About the CourtProvincial Court | Saskatchewan
Courts of Saskatchewan
About the Court
The Provincial Court of Saskatchewan is a court of record with civil and criminal jurisdiction defined by federal and provincial statutes. The Court consists of a Chief Judge and 48 additional judges who are appointed to hold office until retirement.
Court is conducted throughout the province from 13 main court offices located in major towns and cities. Estevan, La Ronge, Lloydminster, Meadow Lake, Melfort, Moose Jaw, North Battleford, Prince Albert, Regina, Saskatoon, Swift Current, Wynyard and Yorkton have permanent court offices and resident judges.
In addition, Provincial Court judges travel to more than 60 other communities for court matters. These communities are known as circuit points.
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History of the CourtProvincial Court | Saskatchewan
History of the Provincial Court of Saskatchewan
The Provincial Court of Saskatchewan was created in 1978. It was the modern evolution of a court system in Saskatchewan dating back to its territorial days, and progressive advancement in the dignity, jurisdiction, and autonomy of the court. But the path forward was not easy.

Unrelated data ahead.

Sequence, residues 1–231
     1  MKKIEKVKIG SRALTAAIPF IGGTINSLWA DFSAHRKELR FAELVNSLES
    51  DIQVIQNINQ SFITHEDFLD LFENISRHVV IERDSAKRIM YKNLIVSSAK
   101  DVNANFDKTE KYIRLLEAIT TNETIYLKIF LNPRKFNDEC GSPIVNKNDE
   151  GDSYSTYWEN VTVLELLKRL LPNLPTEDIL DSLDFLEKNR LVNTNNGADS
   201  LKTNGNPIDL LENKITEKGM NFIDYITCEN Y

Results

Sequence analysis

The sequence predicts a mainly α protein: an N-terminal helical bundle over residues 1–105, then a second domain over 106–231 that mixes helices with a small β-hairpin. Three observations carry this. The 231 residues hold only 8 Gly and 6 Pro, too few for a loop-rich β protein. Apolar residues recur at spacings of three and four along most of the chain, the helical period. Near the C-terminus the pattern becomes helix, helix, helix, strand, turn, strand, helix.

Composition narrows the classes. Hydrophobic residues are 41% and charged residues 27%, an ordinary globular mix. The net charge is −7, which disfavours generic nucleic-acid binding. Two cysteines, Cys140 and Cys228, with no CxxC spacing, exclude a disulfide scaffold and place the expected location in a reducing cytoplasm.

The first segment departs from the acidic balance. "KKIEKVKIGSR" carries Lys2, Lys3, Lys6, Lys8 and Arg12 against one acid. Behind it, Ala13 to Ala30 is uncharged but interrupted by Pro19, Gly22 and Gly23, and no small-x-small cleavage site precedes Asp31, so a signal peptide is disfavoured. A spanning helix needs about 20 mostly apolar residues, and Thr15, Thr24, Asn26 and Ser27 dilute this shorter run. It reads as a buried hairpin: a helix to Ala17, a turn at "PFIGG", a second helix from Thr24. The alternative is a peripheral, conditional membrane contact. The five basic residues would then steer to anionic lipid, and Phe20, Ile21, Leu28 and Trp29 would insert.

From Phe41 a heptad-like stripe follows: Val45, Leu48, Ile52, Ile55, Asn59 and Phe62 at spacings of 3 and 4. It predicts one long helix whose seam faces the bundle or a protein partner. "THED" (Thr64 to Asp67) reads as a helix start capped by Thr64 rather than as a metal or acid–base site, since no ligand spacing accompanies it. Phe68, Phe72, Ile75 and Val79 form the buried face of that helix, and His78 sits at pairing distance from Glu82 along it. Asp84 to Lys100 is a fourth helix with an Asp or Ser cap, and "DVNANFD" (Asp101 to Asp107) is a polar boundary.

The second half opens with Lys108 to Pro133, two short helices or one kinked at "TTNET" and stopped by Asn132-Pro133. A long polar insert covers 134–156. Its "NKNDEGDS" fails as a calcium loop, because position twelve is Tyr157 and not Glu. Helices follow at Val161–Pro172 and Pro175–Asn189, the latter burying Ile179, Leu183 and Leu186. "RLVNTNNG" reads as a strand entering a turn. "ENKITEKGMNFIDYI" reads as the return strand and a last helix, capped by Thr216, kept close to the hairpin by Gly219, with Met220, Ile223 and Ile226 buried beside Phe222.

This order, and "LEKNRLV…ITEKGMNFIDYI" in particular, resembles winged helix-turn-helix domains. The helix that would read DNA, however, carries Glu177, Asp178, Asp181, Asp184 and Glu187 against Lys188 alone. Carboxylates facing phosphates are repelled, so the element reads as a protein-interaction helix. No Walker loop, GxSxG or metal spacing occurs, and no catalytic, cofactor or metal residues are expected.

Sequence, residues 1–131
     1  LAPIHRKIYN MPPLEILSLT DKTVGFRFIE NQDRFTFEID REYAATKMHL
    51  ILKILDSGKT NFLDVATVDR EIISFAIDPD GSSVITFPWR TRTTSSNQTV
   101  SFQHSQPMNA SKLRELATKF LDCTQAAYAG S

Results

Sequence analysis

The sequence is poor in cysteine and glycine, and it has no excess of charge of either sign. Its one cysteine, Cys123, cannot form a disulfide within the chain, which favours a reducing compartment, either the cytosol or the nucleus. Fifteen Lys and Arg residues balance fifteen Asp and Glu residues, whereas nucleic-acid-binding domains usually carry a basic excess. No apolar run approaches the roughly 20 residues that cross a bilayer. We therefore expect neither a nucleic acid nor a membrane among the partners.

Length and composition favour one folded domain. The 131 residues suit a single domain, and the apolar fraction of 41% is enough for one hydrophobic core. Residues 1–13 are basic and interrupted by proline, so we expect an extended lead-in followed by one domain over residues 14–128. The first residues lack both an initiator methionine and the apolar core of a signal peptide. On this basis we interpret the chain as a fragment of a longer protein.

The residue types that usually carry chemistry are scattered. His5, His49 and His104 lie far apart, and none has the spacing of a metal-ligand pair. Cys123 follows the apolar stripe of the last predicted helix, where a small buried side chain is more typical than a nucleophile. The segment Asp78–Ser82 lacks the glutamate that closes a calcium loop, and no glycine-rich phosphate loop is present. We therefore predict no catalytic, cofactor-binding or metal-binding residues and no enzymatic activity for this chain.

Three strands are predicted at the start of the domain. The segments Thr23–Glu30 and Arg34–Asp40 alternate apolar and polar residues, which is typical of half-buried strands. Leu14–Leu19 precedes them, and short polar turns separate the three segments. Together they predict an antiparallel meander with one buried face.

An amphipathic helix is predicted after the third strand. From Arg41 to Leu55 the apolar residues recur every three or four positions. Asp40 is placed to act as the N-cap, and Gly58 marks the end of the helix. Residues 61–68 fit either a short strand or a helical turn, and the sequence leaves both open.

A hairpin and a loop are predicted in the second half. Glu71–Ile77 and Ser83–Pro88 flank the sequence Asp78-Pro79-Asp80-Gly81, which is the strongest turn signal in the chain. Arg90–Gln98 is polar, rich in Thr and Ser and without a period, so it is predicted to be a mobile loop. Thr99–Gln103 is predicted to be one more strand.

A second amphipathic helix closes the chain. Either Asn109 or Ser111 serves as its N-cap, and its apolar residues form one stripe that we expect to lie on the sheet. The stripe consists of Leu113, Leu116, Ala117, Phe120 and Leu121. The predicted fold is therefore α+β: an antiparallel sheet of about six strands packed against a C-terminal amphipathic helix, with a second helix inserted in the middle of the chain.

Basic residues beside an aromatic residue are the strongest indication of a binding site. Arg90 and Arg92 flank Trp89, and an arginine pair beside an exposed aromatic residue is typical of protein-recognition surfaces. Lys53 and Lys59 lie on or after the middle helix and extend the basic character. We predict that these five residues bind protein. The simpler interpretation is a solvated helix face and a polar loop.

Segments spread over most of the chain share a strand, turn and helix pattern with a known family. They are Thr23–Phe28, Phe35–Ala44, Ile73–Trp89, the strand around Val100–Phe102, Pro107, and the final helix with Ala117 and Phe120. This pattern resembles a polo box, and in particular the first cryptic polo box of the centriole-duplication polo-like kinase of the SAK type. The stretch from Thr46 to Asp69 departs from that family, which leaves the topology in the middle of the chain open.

The introduction of the Canadian Charter of Rights and Freedoms in 1982 changed the relationship between provincial governments and judges of their Provincial Courts, leading to a string of legal battles across the country that began in Saskatchewan and culminated in a landmark decision of the Supreme Court of Canada affirming the principles of judicial independence and the rule of law.
Today, those early challenges are the bedrock on which was built a caring, dynamic, and independent “people’s court” that honours its past and meets the challenges of the future.
The Evolution of the Provincial Court of Saskatchewan was commissioned by the Saskatchewan Provincial Court Judges Association, with the support of the Law Foundation of Saskatchewan, to mark the 40th anniversary of the Provincial Court of Saskatchewan.